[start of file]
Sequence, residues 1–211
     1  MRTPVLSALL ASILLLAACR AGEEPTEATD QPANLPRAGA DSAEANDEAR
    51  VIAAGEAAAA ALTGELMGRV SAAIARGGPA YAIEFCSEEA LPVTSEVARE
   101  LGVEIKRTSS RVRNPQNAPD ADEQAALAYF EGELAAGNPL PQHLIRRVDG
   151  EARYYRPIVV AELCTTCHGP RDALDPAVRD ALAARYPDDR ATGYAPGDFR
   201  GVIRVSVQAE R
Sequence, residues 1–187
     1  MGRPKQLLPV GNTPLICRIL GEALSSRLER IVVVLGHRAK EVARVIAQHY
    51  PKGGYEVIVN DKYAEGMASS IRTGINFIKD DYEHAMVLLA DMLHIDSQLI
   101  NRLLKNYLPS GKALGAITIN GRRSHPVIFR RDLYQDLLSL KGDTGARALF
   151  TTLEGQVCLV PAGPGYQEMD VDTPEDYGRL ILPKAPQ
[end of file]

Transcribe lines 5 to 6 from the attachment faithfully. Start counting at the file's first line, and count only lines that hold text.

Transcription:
   151  EARYYRPIVV AELCTTCHGP RDALDPAVRD ALAARYPDDR ATGYAPGDFR
   201  GVIRVSVQAE R